From One Cliff to Another
The recent resolution of the first fiscal cliff likely did little to affect consumers’ ability to buy doors and windows. The payroll tax increase will be felt by the middle class but not nearly as much as would have the expiration of the Bush tax cuts. The wealthiest 0.5 percent of the country saw a tax increase, but not one that will likely slow the already recovering luxury housing market. All in all, the most significant bullet dodged by this industry was the continuing reduced tax burden on the middle class, the market on which most door and window companies are focused. The industry will likely suffer more from Congress’ failure to enact Sandy aid prior to the break than any aspects of the first fiscal cliff resolution.
I emphasize that this was the “first” fiscal cliff because there are actually three more such cliffs looming. The first is the need to raise the $16.4 trillion debt ceiling by late February or early March. The second is a concept known as the sequester. This is a series of “doomsday” cuts that, unless otherwise dealt with, will lead to a budget decrease of 8-10 percent for almost all federal agencies, programs and projects. The important work that some of these programs and agencies accomplish notwithstanding, I feel for the heads of these agencies. After all, why should they have to trim their budgets in recognition that we’re in a tough economic period? If they wanted that kind of pressure, they’d get jobs running door or window manufacturing companies. The third cliff is the need to address the fact that the federal government is currently operating without an officially enacted budget. It has done so since the budget was due on October 1 and for a number of years prior to that. The government applies a band-aid measure each time it fails to enact a budget and another such measure is due on March 27.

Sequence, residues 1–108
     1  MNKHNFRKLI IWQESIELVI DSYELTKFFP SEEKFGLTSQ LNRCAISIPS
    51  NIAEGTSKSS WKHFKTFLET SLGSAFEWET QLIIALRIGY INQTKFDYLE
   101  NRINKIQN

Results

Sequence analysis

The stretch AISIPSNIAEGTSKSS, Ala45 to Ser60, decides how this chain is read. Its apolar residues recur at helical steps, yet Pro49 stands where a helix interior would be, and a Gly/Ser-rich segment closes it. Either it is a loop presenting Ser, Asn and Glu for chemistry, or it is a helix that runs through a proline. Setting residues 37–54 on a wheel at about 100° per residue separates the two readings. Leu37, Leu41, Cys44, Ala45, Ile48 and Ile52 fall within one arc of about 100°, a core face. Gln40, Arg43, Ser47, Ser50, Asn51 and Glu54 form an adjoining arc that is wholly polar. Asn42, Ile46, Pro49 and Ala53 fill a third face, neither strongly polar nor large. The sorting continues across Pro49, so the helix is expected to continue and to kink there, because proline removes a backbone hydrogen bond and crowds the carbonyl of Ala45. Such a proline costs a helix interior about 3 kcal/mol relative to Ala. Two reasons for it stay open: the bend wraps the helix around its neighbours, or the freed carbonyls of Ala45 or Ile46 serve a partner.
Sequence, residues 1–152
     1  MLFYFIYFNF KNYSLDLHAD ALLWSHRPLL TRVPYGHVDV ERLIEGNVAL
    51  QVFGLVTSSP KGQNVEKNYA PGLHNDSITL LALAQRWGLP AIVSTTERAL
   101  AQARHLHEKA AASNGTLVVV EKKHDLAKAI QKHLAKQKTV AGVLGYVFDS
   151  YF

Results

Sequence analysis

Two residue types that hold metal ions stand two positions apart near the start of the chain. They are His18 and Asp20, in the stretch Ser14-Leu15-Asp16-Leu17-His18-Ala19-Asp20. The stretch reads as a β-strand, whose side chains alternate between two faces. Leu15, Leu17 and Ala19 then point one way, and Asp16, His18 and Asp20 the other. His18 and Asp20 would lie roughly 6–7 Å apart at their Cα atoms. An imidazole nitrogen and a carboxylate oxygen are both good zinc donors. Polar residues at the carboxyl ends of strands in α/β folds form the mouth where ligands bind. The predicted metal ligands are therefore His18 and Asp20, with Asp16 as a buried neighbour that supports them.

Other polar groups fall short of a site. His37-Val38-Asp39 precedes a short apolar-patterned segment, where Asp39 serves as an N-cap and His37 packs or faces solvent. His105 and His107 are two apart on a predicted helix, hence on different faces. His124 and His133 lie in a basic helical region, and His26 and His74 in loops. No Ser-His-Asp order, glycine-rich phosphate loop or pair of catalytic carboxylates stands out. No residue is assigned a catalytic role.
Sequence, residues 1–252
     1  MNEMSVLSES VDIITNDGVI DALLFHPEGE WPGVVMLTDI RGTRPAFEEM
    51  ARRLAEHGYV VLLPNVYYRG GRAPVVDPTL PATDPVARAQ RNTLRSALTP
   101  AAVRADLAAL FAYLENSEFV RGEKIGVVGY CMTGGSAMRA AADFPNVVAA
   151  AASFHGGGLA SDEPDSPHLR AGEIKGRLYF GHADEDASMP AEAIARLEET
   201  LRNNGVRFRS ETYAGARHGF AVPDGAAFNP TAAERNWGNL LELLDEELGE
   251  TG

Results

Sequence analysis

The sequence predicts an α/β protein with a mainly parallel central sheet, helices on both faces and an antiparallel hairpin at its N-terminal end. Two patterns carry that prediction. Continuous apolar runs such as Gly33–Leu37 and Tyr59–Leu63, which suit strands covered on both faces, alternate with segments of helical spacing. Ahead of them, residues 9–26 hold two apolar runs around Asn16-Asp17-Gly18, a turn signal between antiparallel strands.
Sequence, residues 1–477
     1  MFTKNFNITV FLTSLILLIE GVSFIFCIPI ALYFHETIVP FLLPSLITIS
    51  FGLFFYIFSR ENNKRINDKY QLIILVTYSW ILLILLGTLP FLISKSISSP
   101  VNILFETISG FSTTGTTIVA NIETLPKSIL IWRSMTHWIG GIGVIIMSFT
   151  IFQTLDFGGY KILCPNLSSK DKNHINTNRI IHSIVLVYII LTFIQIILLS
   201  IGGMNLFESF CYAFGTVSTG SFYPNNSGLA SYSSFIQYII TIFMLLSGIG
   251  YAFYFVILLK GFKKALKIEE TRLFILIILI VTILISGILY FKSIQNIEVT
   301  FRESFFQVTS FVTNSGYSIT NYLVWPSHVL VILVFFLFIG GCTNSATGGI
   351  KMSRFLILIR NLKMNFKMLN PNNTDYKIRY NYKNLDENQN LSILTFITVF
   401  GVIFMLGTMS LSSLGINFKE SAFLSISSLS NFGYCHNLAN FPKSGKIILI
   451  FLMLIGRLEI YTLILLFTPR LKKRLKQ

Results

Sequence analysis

The first two of these cliffs probably have the ability to do the most damage. You’ll remember that the last time the government engaged in political brinksmanship over the raising of the debt ceiling, we saw our national debt downgraded. That increases the government’s borrowing costs, sends signals to the rest of the world that perhaps we shouldn’t be seen as the leading superpower and creates unneeded economic uncertainty. Hopefully, this time around, the need for a stronger fiscal position for our country will triumph over partisanship and the economic recovery can continue unhindered.